The Clemson University Department of Public Health Sciences has become a critical resource for the Centers for Disease Control and Prevention (CDC), as faculty members provide intellectual leadership on several CDC-funded projects.
Recently, researchers in the Department have collectively received more than $19 million in CDC funding to address public health preparedness and response and the reduction of chronic diseases such as obesity and diabetes.
Current CDC projects within the Department include:
Disease Modeling and Analytics to Inform Outbreak Preparedness, Response, Intervention, Mitigation and Elimination in South Carolina (DMA-PRIME)
Led by Lior Rennert, associate professor of public health sciences and director of the Center for Public Health Modeling and Response, the five-year, $17.5 million DMA-PRIME initiative will inform and improve outbreak detection and response in South Carolina and beyond.
As part of the initiative, a team of public health researchers will utilize data-driven approaches to conduct infectious disease forecasting, design decision-support toolkits and enhance methods of communication to public health organizations and decision makers. The team will develop and implement innovative early warning systems to identify and predict the severity of disease outbreaks and allow health care providers to quickly prioritize emergency response efforts.
The project will work in close collaboration with Clemson Rural Health, Prisma Health, University of South Carolina and the Medical University of South Carolina. Additional partners include the South Carolina Department of Health and Environmental Control (SCDHEC) and the South Carolina Emergency Management Division (SCEMD).
DMA-PRIME is one of 13 initiatives at partner institutions funded by the CDC to work alongside its Center for Forecasting and Outbreak Analytics (CFA) to establish the Outbreak Analytics and Disease Modeling Network (OADN).
High Obesity Program (HOP)
Clemson University has received $768,000 in CDC funding to implement the first year of a $3.8 million, five-year High Obesity Program in rural and underserved areas of South Carolina. This is the second, consecutive HOP grant for Department of Public Health Sciences Interim Chair Sarah Griffin who will serve as principal investigator (PI) for the project. The first award was for $5 million.
The CDC provides HOP funding to universities with cooperative extension services to address health disparities that impact nutrition, physical activity and obesity in primarily rural counties where the obesity rate is 40% or more in adults.
Researchers from the University’s College of Behavioral, Social and Health Sciences (CBSHS) and the College of Agriculture, Forestry and Life Sciences (CAFLS) along with the Rural Health and Nutrition Extension team will implement the High Obesity Program through the Clemson Cooperative Extension System in communities across the state.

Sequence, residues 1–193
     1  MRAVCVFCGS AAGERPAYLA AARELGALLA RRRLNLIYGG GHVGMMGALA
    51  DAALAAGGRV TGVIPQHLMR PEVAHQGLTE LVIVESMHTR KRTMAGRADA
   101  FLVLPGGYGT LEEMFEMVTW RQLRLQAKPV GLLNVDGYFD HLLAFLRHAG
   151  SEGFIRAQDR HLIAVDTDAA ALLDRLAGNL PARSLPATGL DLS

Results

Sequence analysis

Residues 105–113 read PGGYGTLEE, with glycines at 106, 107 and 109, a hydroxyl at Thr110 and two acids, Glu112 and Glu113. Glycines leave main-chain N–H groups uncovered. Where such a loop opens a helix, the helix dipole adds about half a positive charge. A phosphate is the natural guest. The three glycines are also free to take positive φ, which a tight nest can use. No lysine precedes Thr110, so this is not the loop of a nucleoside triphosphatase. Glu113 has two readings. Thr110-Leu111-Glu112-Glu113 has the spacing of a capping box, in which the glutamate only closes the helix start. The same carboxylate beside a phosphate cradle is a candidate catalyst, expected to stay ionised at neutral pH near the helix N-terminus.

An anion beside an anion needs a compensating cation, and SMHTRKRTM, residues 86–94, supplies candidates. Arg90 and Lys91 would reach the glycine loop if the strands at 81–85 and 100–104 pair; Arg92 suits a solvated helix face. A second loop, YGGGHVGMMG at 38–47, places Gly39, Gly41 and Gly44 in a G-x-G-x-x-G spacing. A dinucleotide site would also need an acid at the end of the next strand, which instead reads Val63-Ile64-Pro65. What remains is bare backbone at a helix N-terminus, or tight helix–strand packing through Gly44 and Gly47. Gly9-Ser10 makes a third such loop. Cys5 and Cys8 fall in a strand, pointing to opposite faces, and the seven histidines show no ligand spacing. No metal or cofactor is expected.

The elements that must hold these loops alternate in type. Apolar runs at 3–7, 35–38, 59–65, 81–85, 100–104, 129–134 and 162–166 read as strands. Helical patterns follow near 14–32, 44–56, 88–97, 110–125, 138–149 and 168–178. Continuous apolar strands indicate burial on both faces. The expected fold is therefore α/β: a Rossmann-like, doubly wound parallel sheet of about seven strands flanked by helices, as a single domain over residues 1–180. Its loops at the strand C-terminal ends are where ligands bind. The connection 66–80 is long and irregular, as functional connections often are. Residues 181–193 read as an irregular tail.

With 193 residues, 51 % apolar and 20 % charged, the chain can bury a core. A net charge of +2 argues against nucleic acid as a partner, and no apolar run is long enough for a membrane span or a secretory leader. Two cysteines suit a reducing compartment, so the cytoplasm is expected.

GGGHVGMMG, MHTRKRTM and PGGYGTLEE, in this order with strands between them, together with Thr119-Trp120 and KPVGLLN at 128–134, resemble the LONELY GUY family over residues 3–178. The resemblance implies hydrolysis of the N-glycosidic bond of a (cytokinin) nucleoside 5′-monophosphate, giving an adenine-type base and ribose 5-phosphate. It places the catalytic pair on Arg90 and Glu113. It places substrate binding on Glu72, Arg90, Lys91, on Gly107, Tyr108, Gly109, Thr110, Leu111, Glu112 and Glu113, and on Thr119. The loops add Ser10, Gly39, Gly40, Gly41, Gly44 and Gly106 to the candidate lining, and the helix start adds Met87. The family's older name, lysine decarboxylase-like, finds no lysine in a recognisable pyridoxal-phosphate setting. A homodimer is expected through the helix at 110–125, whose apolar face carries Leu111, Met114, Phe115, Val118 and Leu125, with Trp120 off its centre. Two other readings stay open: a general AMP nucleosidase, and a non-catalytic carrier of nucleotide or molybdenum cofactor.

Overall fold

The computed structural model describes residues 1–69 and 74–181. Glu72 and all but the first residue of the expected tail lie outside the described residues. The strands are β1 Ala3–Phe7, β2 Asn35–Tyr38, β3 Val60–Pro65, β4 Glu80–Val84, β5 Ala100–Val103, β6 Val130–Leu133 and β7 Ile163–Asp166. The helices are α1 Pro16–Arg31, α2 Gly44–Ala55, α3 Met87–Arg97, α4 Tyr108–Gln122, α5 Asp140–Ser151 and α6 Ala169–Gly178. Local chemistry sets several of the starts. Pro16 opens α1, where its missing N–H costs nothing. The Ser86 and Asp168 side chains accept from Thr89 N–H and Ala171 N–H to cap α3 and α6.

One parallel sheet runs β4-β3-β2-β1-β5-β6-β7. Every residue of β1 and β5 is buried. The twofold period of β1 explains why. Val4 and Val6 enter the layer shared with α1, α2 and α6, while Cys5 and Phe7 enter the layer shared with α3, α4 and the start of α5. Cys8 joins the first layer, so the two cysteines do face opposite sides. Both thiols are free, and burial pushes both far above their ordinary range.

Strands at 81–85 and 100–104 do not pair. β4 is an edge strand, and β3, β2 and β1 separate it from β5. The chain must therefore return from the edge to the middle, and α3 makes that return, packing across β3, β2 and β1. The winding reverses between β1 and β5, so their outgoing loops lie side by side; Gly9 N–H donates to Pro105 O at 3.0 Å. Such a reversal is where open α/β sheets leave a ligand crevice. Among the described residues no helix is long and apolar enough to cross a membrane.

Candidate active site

Health Extension for Diabetes: Program Expansion to Advance Health Equity
Through a $1 million award from the CDC and cooperative agreement initiative, the University is helping four states duplicate its successful Health Extension for Diabetes (HED) program.
HED is an education and support program designed to teach people diagnosed with diabetes to adopt healthy behaviors for long-term management of the condition, thereby improving blood glucose control and lowering the risk of diabetes-related side effects.
Developed in 2017 by the Department of Public Health Sciences, Clemson Extension and Prisma Health, the program is delivered through the Clemson Cooperative Extension Service in South Carolina.
Windsor Sherrill, professor in the Department of Public Health Sciences and Clemson University vice president for health research, will serve as Co-PI on the project.
Leslie Hossfeld, dean of the College of Behavioral, Social and Health Sciences, said the Department of Public Health Sciences is deeply connected to the College’s mission to build healthy people and communities, and each partnership with the CDC allows researchers to broaden the scope of their work to reach communities nationwide.
The Department of Public Health Sciences is in the College of Behavioral, Social and Health Sciences (CBSHS). Established in July 2016, CBSHS is a 21st-century, land-grant college that combines work in seven disciplines – communication; nursing; parks, recreation and tourism management; political science; psychology; public health sciences; sociology, anthropology and criminal justice – to further its mission of “building people and communities” in South Carolina and beyond.
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